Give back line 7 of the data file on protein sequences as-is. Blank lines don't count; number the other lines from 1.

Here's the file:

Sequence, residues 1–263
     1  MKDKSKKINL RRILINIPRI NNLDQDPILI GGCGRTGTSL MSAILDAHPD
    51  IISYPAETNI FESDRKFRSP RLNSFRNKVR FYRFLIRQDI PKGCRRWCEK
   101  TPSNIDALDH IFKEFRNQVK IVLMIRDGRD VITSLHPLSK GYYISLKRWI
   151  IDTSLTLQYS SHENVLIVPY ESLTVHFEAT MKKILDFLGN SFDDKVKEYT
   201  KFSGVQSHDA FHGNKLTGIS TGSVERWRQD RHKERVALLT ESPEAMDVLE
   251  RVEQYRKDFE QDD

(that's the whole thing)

   251  RVEQYRKDFE QDD